Fundamentally altered by their experiences, the men and women who returned to Woodstock at the end of World War II found a town that had also changed during their absence. Like them, Woodstock had been shaped, it's path redirected, by the war as well. Fading were the differences and past antagonisms between “old” and “new” Woodstockers.
Woodstock was a town eager to move on; eager to explore a new-found sense of community resulting from the shared experiences of the Great Depression and a World War. Growth was on the horizon, in spirit, size and in Woodstock’s own sense of who we were.
It was both an exciting and challenging era for Woodstock and the Historical Society of Woodstock has captured those times in it’s 2012 summer exhibit: After the War was Over: Post WW II Woodstock and the Building of a Community. Through photographs, art work, newspapers, documents, and other ephemera and artifacts, the Historical Society has pieced together a number of the elements that shaped and moved Woodstock during the post-World War II years.
This exhibition will explore the emergence of Woodstock from a small town into a thriving, growing community. As men and women returned from the war, Woodstock experienced soaring population, increased property values, increased tourism, and the revival of the art colony as new artists settled into this community. With the arrival of Rotron, IBM and other new modern businesses, came the development of such institutions as banks, a supermarket, a new elementary school, new churches, restaurants, bars, and shops, as post World War II Woodstock began to take shape. There was an increase in the number of out-of-towners who came to Woodstock, especially on summer weekends. As the Woodstock "Weekly Window" commented in 1948, many of these people (labelled "trudgers") "trudged purposefully about the village in search of something or other, which they never seem to find".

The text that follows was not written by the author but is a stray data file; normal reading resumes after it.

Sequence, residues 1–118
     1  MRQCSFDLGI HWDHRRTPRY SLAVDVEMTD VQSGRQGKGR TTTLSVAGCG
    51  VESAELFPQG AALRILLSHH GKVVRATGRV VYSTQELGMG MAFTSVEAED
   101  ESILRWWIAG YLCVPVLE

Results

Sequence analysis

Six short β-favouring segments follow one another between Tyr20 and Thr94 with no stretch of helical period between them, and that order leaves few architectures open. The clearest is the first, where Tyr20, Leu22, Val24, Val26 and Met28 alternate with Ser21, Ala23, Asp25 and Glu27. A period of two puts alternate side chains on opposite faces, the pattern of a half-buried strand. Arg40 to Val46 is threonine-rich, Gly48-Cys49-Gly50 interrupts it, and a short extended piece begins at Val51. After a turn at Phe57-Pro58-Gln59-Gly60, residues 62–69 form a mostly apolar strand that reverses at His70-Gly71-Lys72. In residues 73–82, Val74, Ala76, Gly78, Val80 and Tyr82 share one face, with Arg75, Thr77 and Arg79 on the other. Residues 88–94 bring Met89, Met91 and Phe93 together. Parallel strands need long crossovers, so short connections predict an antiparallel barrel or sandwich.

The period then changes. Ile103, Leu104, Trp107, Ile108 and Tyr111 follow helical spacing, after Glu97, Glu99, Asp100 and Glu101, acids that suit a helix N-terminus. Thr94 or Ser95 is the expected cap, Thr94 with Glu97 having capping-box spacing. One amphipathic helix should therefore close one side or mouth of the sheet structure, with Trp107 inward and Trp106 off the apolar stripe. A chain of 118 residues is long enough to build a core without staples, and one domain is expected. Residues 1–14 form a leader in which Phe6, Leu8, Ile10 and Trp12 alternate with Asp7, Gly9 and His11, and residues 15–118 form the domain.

Local musicians at a party in Woodstock after the war.
(photo courtesy of Deborah Heppner)
Woodstock Elementary School rises in the shadow of Overlook.
Though the sting of Holley Cantine's "The Wasp" indicates that not everyone is happy with the future direction of Woodstock.
"Table at Deanie's" with original menus, china, postcards.
HSW Exhibition installation.
"The Architectural History & Guide", May 19, 2:00 pm
On Saturday, May 19th at 2 p.m. William B. Rhoads will be giving a talk and reading selections from his book Ulster County, New York, The Architectural History & Guide. This book is a guide to 325 sites in all 20 Ulster County townships and the city of Kingston. The profusely illustrated 376-page guide captures the variety and changing architectural styles that have appeared over nearly 300 years in the Hudson River Valley and Catskill Mountains, from the 17th century Dutch limestone houses of the colonial era, through the Federal and Victorian periods, up to the Modernist architecture of the mid-1950s. This free event is part of the New York State Heritage Weekend Promotion and will take place at the Historical Society of Woodstock/Eames House, 20 Comeau Drive, Woodstock, NY.
Students researched information on local roads using books, photos, documents from the Historical Society archives, and talks with local historians. They created Wiki sites and annotated Google maps with assistance from Mr. Behling.
The students’ work, together with relevant pieces from the Historical Society’s archives, will be exhibited from 2-4 pm on Saturday, May 19 and Sunday, May 20 at the Historical Society’s Museum, 20 Comeau Drive (just above the municipal parking lot) in Woodstock. In celebration of the project, students will give a presentation of their work on Sunday from 2-4 pm.
Come and satisfy your curiosity about the roads we pass every day and support the work of young historians.
JoAnn Margolis, HSW Archivist.
Students viewing the installation of their work.